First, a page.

• ## GLE-Math1

STANDARDS FOR MATHEMATICS

Standard 1:
Students develop number sense and use numbers and number relationships in problem-solving situations and communicate the reasoning used in solving these problems.
1.1 Demonstrating meanings for whole numbers, commonly-used fractions and decimals (for example, 1/3, 3/4, 0.5, 0.75), and representing equivalent forms of the same number through the use of physical models, drawings, calculators, and computers.
1.1.1 using objects and pictures, represent whole numbers from 0 to 100 in a variety of ways
1.1.2 using objects, demonstrate the meanings of equal, less than, and greater than with the whole numbers 0 to 100
1.1.3 apply equalities using the ‘=’ symbol
1.1.4 using concrete materials, demonstrate the meanings of halves, thirds, and fourths of sets and wholes
1.1.5 demonstrate the value of nickels, dimes, quarters, and dollars in terms of pennies (for example, 25 pennies = 1 quarter)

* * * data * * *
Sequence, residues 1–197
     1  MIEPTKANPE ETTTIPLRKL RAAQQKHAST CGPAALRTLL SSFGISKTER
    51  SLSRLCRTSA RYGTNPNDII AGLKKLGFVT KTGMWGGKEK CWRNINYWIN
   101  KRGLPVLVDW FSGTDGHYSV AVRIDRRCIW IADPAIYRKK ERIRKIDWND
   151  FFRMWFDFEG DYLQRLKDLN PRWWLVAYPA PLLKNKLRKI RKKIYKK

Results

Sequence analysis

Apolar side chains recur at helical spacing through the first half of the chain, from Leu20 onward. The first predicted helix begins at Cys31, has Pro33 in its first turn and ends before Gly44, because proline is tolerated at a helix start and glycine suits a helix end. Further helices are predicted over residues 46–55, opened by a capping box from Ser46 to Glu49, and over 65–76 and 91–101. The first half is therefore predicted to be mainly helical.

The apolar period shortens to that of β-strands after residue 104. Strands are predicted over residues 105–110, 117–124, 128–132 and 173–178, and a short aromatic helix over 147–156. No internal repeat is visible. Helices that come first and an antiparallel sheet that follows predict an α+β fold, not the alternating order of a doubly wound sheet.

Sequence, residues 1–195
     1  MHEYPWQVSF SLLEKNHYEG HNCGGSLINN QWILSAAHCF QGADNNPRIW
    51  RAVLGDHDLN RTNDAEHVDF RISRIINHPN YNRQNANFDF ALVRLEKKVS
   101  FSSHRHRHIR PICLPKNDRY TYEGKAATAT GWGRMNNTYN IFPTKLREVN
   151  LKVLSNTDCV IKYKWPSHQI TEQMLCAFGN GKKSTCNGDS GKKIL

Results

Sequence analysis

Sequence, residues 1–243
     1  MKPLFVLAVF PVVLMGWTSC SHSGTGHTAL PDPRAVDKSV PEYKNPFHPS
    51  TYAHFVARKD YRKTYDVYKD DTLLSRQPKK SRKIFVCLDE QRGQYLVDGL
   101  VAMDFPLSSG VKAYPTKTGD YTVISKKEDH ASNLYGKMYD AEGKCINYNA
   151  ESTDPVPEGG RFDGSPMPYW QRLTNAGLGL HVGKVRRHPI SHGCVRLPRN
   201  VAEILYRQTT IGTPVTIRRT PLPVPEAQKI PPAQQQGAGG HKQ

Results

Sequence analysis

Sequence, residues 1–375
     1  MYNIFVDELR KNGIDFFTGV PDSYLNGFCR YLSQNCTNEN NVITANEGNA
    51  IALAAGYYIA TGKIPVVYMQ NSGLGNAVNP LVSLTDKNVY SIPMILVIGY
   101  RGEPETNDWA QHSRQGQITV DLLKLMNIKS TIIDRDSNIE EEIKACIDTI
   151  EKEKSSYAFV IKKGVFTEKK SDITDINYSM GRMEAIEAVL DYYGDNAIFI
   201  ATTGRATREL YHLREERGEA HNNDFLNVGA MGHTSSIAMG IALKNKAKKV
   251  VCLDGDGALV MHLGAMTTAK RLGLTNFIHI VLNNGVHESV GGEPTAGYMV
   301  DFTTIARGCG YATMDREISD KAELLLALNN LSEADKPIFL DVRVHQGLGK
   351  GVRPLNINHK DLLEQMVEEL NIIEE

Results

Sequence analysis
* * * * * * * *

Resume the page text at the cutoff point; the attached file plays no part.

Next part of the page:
1.2 Reading and writing whole numbers and knowing place-value concepts and numeration through their relationships to counting, ordering, and grouping.
1.2.1 read and write numerals from 0 to 100 in meaningful contexts
1.2.2 read the number words for zero to ten
1.2.3 group objects by ones and tens
1.2.4 order according to place value (for example, given 9 ones and 2 tens, the student can write the number 29; given the number 29 the student can show 2 tens and 9 ones)
1.2.5 write one- and two-digit whole numbers in expanded form (for example, 29 = 20 + 9)

1.3 Using numbers to count, to measure, to label, and to indicate location.
1.3.1 count from 1 to 20 by 2’s
1.3.2 count from 1 to 100 by 1’s, 5’s, and 10’s
1.3.3 starting with any whole number less than 100, count forward to 100
1.3.4 use ordinal positions for first through twentieth
1.3.5 sequence selected whole numbers from 0 to 100

1.4 Developing, testing and explaining conjectures about properties of whole numbers, and commonly used fractions and decimals (for example, 1/3, 3/4, 0.5, 0.75).
1.4.1 know the commutative property of addition of whole numbers
1.4.2 verify the addition and subtraction properties of zero with whole numbers

1.5 Using number sense to estimate and justify the reasonableness of solutions to problems involving whole numbers, and commonly used fractions and decimals (for example, 1/3, 3/4, 0.5, 0.75).